Brexit and the U.K. in Samoa

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Jonathan Sinclair British High Commissioner to Samoa

I am delighted to be making my sixth visit to Samoa. I am looking forward to speaking to my good friends in the Government, from across the country and from across Samoan society.  

I am particularly looking forward to hearing how the UK’s exit from the European Union is viewed in Samoa and your views on what this means for the UK-Samoan relationship.

 

Brexit and Article 50

As you may have seen, the Article 50 process - the process which begins the UK’s withdrawal from the European Union - is now underway. In accordance with the wishes of the British people, the United Kingdom is leaving the European Union.

This is an historic moment from which there can be no turning back. 

Leaving the European Union presents the UK with a unique opportunity. We are going to take control of the things that matter most to us. We are going to take this opportunity to build a stronger, fairer Britain – a truly Global Britain – the best friend and neighbour to our European partners, but a country that reaches beyond the borders of Europe too. We want to be a country that goes out into the world to build relationships with old friends like Samoa and with new allies alike. That is our ambition and our opportunity. That is what the government is determined to do.

We want the United Kingdom to emerge from this period of change stronger, fairer, more united and more outward-looking than ever before. We want to be a secure, prosperous, tolerant country – a magnet for international talent and a home to the pioneers and innovators who will shape the world ahead.

 

UK and Samoa

In a time of great change closer to home, our historic and enduring relationship with Samoa and the other Pacific nations become even more important.  

The process of negotiating our exit from the EU will take two years to complete and it is too early to say exactly how the UK will emerge from that process. But what is clear from the outset is that our commitment to strengthening our relationship with Samoa will continue. 

We continue to work with Samoa on a wide range of issues, including an exciting new area of work around enhancing social enterprise expertise.  A social enterprise seeks to solve a social issue while operating as a sustainable business. 

We also continue to work extensively through multilateral institutions like the Commonwealth, the UN and , with our partners in the EU.  Our contribution to the European Development Fund will continue at the same level for the foreseeable future. We also support Pacific-owned schemes.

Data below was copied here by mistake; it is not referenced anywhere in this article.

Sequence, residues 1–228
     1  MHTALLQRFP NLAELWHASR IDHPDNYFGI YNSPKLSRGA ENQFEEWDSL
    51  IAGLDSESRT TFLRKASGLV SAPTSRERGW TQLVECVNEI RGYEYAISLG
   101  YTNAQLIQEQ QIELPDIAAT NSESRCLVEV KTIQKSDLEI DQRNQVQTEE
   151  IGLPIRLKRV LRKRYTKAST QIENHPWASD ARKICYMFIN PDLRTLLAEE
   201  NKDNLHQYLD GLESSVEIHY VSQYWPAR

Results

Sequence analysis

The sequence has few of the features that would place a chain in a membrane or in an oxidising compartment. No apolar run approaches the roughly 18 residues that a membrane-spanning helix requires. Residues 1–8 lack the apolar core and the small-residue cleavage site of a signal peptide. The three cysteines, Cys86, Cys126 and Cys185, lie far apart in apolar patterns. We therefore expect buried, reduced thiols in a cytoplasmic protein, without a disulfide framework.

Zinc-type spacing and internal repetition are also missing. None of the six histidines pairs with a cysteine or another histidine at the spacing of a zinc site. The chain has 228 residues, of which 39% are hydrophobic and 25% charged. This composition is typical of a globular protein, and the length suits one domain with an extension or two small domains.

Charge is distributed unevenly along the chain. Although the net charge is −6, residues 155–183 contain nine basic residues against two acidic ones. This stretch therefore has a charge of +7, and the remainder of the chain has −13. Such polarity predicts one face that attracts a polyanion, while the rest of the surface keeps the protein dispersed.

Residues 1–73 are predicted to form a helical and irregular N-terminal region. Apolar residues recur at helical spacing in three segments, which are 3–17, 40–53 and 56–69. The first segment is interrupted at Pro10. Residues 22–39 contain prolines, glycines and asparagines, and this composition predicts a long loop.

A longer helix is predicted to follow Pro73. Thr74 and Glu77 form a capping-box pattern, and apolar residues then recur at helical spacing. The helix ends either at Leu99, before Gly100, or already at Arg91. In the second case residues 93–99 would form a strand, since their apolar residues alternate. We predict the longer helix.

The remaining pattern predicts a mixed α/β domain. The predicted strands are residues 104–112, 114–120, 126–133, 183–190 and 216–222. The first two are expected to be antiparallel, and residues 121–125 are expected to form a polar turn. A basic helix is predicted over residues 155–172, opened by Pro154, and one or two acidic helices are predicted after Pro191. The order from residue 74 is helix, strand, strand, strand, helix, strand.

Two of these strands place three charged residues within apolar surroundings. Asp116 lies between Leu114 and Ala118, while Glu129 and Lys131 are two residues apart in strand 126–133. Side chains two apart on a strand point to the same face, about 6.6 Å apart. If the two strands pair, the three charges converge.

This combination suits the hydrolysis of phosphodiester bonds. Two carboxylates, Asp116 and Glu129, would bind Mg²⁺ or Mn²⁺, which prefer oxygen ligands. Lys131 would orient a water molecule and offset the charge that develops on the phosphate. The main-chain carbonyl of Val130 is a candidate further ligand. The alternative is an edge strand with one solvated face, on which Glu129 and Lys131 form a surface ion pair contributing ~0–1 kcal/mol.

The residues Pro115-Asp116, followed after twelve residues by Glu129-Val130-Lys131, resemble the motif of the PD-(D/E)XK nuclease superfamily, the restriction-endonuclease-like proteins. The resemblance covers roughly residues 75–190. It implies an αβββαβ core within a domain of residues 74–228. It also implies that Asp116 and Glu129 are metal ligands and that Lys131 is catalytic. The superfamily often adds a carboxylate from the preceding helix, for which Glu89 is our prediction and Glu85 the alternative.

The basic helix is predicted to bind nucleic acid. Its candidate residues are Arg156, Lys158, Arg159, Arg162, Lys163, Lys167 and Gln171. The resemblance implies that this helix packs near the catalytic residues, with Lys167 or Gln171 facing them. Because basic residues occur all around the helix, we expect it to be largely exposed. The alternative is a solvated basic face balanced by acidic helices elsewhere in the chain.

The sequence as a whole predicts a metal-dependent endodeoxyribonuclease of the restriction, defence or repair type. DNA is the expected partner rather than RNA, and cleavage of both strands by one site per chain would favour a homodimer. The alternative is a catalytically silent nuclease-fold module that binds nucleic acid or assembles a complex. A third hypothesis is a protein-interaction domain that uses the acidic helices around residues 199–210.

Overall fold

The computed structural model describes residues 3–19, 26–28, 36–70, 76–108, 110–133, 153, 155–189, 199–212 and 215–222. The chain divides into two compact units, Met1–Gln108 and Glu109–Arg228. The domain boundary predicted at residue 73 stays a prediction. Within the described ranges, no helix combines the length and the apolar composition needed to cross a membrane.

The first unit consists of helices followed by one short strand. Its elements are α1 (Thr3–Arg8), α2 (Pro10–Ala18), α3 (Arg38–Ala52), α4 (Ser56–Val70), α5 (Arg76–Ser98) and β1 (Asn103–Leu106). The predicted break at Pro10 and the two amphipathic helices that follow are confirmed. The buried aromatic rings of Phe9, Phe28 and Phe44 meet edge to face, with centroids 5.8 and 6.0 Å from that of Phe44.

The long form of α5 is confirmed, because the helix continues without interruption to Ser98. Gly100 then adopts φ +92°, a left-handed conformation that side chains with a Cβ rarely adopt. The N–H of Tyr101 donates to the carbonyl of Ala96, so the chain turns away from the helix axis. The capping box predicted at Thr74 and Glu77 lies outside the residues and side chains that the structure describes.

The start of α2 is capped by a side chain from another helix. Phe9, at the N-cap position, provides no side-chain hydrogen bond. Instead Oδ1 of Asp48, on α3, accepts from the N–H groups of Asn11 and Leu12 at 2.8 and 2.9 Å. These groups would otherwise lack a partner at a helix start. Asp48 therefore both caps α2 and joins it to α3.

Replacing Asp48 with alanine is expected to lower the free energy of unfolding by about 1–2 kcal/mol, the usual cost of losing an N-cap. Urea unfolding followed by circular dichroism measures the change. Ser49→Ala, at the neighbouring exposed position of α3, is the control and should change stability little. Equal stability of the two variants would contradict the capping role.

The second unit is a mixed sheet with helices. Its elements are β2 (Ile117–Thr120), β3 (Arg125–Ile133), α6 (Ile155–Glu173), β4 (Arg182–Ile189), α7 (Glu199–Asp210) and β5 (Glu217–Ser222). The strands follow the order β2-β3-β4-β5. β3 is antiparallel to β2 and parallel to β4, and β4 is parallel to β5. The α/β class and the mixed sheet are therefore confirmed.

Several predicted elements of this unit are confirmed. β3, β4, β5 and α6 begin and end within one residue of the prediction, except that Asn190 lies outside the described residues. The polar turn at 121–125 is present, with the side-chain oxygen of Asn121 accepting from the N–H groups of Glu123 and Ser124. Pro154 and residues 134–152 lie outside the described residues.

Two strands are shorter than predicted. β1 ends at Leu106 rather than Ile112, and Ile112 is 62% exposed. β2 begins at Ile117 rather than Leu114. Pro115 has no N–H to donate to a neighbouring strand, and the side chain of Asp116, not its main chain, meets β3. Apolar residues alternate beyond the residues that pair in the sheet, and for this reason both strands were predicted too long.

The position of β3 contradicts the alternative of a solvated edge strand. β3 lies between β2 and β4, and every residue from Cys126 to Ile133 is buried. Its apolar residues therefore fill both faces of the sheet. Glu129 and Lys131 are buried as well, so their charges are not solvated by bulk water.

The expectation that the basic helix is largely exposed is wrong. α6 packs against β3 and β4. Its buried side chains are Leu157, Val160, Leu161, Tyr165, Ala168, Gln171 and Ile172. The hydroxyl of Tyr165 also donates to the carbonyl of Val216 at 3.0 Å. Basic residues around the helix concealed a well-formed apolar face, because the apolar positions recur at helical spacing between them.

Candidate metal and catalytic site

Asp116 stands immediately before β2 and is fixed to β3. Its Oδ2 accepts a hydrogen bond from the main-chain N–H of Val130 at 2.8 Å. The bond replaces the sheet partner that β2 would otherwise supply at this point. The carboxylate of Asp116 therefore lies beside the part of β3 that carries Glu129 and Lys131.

We are, for example, the largest donor to the Pacific Catastrophe Risk Assessment and Financing Initiative to which the UK contributes £15 million and whose Council of Members met at the British High Commission in Suva at the end of March, where Samoa was represented by the Secretary of Finance.

 

Commonwealth

As the UK leaves the European Union, our relationships with our other international partners and institutions become ever more significant.  

That is why, ahead of the UK hosting the Commonwealth Summit in 2018, I am keen to hear how the Commonwealth is viewed in Samoa and how the future priorities of the organisation might be adjusted to best serve the interests of its members.  As one of the 52 members of the Commonwealth, Samoa has an important and equal voice in how the Commonwealth is run and how it develops, particularly in the Pacific.

The Commonwealth is special. The shared values of 2.8 billion people and the mutual respect between its member states was wonderfully stated by Her Majesty the Queen’s  recent message to the Commonwealth on Commonwealth Day when she said: “The cornerstones on which peace is founded are, quite simply, respect and understanding for one another. Working together, we build peace by defending the dignity of every individual and community.”

 

Chevening

For the third consecutive year we have the opportunity to offer scholarships for Samoan graduates to live and study for a year at the UK’s world leading universities.  I am delighted to say that once again we received the highest number of Samoan applications for the Chevening scholarships.  And the quality of the applications from ambitious, dynamic, young Samoans was fantastic. 

If you are interested in applying for a Chevening scholarship in 2018, please see www.chevening.org for more details and why not sign up for the newsletter?  The next application window will open in August 2017.

As the UK embarks on a new chapter its history I want reassure you that we remain as committed as ever to working with our great friends in Samoa on our shared values, common goals and ensuring our relationship goes from strength to strength.

© Samoa Observer 2016

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